How often have you been left scratching your head after a technician has just explained something in what appears to be a rare dialect of a language spoken by a near extinct tribe from a little known corner of a distant continent?
The old “blind them with science” and “BS baffles brains” techniques of confusing people into thinking they’re out of their depth and should leave you alone is way past its time. You as an event manager should have a broad knowledge of what happens in the technical world; not necessarily detail, leave that to the experts, but at least an understanding of what is going on.
Here’s an AV Jargon Buster – a list of some terms that you will regularly hear on site during an event production and their meanings. You may be even able to impress a technician with some of the trivia here. I’ve included hyperlinks (underlined) for some more in-depth definitions if you want to learn more. I’ve deliberately not included equipment brands and model numbers, these are widely used in the techie world but they are too numerous to list in this article and besides they regularly change as new technology and models are released.
DMX – Digital Multiplex – this is the name of the standard means of controlling lights: dimming, moving or changing colours/shapes. A lighting console will have a DMX interface to which the technician will connect lighting fixtures and effects which also have a DMX interface. They can be daisychained and then each one can be individually controlled from the console by giving them specific addresses in the form of a unique number. Wireless DMX is becoming ever more widely used.
LED – Light Emitting Diode – until recently LED’s were simply a small light on your TV screen to indicate on or standby. Now they have developed in to powerful bright lights and are rapidly replacing traditional “light bulbs”. Being very low on power consumption and very small they are becoming popular since an enormous number of colours and effects can be achieved from a small cluster or strip of LED’s using DMX control (qv).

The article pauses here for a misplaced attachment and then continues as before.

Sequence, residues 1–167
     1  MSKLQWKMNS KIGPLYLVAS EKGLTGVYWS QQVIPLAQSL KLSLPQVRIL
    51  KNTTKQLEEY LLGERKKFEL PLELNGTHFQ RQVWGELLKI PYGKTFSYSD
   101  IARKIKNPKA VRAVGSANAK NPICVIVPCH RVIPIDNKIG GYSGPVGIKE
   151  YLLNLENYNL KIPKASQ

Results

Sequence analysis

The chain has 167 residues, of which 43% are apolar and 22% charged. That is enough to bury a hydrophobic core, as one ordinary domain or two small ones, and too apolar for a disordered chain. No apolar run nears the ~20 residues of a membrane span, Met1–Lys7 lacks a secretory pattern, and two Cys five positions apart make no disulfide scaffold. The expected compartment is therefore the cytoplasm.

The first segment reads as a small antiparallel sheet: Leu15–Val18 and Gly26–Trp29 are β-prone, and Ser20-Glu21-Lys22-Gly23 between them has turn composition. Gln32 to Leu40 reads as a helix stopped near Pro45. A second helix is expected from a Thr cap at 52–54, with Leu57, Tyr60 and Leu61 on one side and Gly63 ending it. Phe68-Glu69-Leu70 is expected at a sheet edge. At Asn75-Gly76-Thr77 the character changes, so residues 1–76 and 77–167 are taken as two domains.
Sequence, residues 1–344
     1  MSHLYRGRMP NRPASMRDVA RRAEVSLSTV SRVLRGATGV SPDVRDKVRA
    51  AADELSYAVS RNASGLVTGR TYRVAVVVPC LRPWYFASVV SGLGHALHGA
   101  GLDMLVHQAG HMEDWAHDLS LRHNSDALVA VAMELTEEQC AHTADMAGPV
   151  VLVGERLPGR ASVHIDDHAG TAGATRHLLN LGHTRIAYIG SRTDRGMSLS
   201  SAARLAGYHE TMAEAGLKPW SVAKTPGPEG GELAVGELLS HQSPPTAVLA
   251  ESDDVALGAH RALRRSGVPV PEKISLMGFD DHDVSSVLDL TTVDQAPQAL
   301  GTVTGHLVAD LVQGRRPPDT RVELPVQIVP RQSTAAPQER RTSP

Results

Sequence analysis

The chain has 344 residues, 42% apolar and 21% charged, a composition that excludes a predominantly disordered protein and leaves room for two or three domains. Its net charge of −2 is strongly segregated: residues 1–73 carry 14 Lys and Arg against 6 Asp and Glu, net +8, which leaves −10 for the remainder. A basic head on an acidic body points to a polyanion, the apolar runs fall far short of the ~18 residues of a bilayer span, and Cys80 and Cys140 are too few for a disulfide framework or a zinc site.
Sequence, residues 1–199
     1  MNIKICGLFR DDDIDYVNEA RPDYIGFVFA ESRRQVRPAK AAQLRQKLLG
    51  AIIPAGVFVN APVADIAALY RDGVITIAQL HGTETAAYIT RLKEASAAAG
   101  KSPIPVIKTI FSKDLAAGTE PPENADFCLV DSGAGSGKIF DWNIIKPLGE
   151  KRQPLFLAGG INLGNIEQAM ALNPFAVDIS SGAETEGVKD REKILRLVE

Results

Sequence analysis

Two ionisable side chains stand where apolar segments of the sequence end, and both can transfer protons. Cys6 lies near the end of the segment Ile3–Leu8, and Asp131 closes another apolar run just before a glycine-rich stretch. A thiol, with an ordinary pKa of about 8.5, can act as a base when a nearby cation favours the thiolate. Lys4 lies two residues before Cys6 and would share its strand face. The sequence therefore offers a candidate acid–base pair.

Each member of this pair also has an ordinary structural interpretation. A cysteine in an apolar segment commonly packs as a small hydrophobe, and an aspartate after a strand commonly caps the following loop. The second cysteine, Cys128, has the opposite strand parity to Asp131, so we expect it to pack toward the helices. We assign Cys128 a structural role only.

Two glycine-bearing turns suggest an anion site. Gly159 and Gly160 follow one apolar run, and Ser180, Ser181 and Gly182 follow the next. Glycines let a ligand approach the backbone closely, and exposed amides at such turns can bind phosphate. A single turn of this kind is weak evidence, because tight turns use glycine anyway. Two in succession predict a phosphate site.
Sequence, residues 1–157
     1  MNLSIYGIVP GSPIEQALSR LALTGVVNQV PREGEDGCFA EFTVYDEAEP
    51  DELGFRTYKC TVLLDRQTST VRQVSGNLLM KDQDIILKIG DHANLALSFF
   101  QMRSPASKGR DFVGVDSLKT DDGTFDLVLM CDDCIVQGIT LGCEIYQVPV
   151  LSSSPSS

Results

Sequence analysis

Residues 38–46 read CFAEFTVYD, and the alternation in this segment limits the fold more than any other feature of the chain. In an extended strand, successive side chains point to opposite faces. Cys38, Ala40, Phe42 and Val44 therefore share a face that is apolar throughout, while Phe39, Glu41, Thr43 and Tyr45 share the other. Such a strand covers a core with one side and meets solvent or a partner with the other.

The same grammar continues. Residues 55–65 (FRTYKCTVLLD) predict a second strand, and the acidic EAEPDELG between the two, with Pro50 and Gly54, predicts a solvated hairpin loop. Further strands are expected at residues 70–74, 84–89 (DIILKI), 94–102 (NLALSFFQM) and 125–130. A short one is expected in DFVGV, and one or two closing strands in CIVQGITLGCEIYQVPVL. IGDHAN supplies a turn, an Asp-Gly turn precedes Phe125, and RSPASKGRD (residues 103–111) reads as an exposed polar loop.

Splash – Wash – Spot – technical terms used regularly in a laundry but in lighting terms ways of describing what a lighting fixture does. A wash will light a large area without creating hard beam edges whereas a spot will do exactly that, create a spot of light.
LX – “Elecs” or “Electrics” – the term often given to the lighting technician (Lampie) or electrician. Often a lighting tech will look after power distribution since lighting traditionally uses the most power and the discipline requires a greater electrical knowledge.
Socapex – this is in fact a genericised trademark of a company called Amphenol Socapex which created this large connector to run multiple electrical signals along a single thick (15-24mm diameter) cable. Most commonly used in lighting, sometimes sound too, a “breakout” adapts the cable to multiple sockets to which fixtures are connected and powered up.
Halogen Lamps – often called Tungsten Halogen, these are light bulbs that use a tungsten (rare metal with a very high melting point) filament with a small amount of iodine or bromine sealed inside a glass bulb. They are efficient, bright and can be made very small, commonly used in theatrical lamps, floodlights and car headlamps.